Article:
• Consolidate business and personal relationships. Identify customers who have either a business or personal relationship with the bank, but not both. Create target marketing and relationship recognition programs to consolidate relationships.

     

     

  • Create targeted new customer acquisition programs. Identify prospects in your trade area who are not customers. Leverage new data tools to predict which financial institution they currently use, and model potential account profitability — then fine tune sales prospecting to acquire your best prospects.

     

  • Create focused distribution strategies. Improve the effectiveness of your small business distribution. Clearly identify your target market, then map the location of every target prospect. Create small business hubs based on customer and prospect concentrations — and develop distribution strategies that will extend your reach and market share.
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Banks have the opportunity to increase consumer and small business banking profitability by digging deeper into sub-segments to find unmet needs.

 

In this brief webinar, Ric Carey discusses:

 

  • Determining your segmentation plan
  • Consumer and small business segmentation options
  • Developing an integrated strategy
  • Designing marketing strategies and tactics for each segment

Please click on the screen below, or the following link: Innovative Consumer and Small Business Segmentation Strategies

 

For additional information or a copy of these slides, please contact ric.carey@ppcgroup.com

 

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Ned Miller and his team at MZ Bierly Consulting have worked with several of our clients and we are always impressed by their business banking acumen.

 

Guest post by Ned Miller, MZ Bierly Consulting

  1. They don’t spend enough time with average performers. Sales Managers like to hang around with their best people; high performers remind them of themselves! (They also have massive recognition needs—”Hey, boss, let me tell you what I just did…”) Chronic low performers also command attention—often an exercise in futility. Who gets left out? The 70% of the sales team whose performance could probably benefit most from coaching.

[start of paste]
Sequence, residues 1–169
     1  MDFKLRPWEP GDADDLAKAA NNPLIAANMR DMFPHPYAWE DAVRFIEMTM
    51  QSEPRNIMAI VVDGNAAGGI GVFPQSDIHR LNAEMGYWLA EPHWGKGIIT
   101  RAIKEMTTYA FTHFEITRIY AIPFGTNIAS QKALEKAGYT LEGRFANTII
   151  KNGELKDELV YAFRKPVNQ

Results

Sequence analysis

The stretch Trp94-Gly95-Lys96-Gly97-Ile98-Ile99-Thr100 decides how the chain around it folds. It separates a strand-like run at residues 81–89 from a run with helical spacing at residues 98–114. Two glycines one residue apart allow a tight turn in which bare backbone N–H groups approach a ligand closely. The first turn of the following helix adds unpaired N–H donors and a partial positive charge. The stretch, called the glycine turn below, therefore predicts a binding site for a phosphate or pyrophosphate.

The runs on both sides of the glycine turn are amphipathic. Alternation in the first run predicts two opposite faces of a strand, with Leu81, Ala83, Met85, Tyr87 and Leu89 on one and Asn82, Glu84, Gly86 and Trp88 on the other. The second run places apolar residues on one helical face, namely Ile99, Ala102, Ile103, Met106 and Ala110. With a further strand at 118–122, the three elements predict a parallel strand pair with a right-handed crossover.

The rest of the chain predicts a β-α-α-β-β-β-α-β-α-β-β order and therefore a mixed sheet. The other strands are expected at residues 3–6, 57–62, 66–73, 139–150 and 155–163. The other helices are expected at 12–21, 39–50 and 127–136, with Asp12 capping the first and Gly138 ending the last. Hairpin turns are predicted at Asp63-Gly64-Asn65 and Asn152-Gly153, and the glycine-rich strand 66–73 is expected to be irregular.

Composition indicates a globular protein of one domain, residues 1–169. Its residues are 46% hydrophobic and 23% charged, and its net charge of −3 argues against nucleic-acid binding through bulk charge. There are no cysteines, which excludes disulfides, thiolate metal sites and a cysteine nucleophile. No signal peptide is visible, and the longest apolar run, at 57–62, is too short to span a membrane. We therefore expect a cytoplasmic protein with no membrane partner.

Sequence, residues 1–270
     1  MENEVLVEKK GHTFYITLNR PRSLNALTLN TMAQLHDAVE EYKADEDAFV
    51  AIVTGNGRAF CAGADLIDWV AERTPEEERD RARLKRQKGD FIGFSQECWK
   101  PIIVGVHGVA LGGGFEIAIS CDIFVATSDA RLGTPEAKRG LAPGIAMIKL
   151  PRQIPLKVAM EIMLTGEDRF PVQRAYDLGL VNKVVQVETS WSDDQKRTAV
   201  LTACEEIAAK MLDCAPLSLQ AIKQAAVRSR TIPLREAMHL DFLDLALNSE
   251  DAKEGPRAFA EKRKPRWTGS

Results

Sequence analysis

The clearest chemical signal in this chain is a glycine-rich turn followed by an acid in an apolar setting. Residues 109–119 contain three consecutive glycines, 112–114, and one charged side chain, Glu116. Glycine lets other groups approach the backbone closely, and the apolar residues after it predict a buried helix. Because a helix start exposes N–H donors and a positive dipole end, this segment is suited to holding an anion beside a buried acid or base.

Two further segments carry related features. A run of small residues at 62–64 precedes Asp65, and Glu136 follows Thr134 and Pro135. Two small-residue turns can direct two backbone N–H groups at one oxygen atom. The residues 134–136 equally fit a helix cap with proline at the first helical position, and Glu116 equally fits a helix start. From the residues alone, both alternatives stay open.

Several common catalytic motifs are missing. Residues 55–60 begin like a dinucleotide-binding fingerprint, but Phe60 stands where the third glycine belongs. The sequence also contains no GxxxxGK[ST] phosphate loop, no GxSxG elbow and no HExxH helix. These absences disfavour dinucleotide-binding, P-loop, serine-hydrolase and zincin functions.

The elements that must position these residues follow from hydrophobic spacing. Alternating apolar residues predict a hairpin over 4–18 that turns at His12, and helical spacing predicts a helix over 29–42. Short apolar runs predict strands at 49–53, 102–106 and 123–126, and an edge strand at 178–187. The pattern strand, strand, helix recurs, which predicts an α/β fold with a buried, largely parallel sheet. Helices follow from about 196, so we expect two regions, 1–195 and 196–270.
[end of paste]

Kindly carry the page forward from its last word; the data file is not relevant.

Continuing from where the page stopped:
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Tom Zayko and Ric Carey, Directors at Peak Performance Consulting Group, were interviewed recently by SNL Financial. To them, banks are overemphasizing expense reduction efforts at the cost of engaging with customers — interactions that could lead to greater, more profitable relationships. Zayko and Carey propose leveraging the branch network to make it a more effective transaction point with customers, marrying data about channel usage and current products to customize offerings. They encourage banks that have been focused on cost cutting through branch optimization and investments in technology to try a different tactic: talking to retail and small business customers and tailoring services and packages to their needs.

 

This is a modified version of the SNL Financial article.

 

What is your read on 2013 so far and what do you think will be an area of interest for banks?
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This article was originally published in BAI Banking Strategies on January 11, 2013

 

Banks have the opportunity to nearly double their business banking profitability by digging deeper into small business sub-segments to find unmet needs.

 

BY RIC CAREY AND DAVID KERSTEIN

 

It is accepted wisdom throughout the industry that small businesses represent banks’ best opportunity for higher spreads, improved fee income and superior relationship profitability. Yet we find that few banks are actually succeeding in doing what it takes to effectively penetrate this segment and unlock the profit potential.

 

It’s not for lack of trying. Many banks put serious money behind their commitment to small business – primarily by staffing up on lenders and increasing marketing support.

 

And it is an exciting time to focus on the small business banking segment. Our research that probed deep into the sub-segments of small businesses reveals that banks can provide huge value. Thanks to new channel advances and advanced analytics, banks have more to offer than ever and small businesses have urgent banking needs that go unmet.

 

But to do so, bankers must re-think old assumptions about customer needs, channel preferences and marketing tactics.